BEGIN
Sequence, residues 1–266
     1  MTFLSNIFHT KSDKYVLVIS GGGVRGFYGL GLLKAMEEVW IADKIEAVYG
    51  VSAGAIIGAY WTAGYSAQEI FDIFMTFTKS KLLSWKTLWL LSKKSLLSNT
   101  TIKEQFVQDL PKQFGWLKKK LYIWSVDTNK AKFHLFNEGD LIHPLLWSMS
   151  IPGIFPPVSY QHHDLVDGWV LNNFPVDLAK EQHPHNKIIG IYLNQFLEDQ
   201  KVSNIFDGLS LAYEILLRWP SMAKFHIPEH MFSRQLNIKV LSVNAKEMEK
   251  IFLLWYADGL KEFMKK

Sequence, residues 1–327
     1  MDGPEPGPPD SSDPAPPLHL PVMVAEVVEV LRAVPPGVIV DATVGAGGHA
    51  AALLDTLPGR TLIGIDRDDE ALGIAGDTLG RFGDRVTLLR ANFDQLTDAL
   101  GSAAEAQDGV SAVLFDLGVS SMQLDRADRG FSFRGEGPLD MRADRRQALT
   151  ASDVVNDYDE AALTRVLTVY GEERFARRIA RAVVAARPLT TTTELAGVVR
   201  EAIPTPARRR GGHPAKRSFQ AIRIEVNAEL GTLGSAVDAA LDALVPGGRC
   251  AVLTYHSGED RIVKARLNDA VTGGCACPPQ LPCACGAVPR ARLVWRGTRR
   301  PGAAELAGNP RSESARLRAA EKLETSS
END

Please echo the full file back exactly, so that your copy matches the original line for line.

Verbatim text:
Sequence, residues 1–266
     1  MTFLSNIFHT KSDKYVLVIS GGGVRGFYGL GLLKAMEEVW IADKIEAVYG
    51  VSAGAIIGAY WTAGYSAQEI FDIFMTFTKS KLLSWKTLWL LSKKSLLSNT
   101  TIKEQFVQDL PKQFGWLKKK LYIWSVDTNK AKFHLFNEGD LIHPLLWSMS
   151  IPGIFPPVSY QHHDLVDGWV LNNFPVDLAK EQHPHNKIIG IYLNQFLEDQ
   201  KVSNIFDGLS LAYEILLRWP SMAKFHIPEH MFSRQLNIKV LSVNAKEMEK
   251  IFLLWYADGL KEFMKK

Sequence, residues 1–327
     1  MDGPEPGPPD SSDPAPPLHL PVMVAEVVEV LRAVPPGVIV DATVGAGGHA
    51  AALLDTLPGR TLIGIDRDDE ALGIAGDTLG RFGDRVTLLR ANFDQLTDAL
   101  GSAAEAQDGV SAVLFDLGVS SMQLDRADRG FSFRGEGPLD MRADRRQALT
   151  ASDVVNDYDE AALTRVLTVY GEERFARRIA RAVVAARPLT TTTELAGVVR
   201  EAIPTPARRR GGHPAKRSFQ AIRIEVNAEL GTLGSAVDAA LDALVPGGRC
   251  AVLTYHSGED RIVKARLNDA VTGGCACPPQ LPCACGAVPR ARLVWRGTRR
   301  PGAAELAGNP RSESARLRAA EKLETSS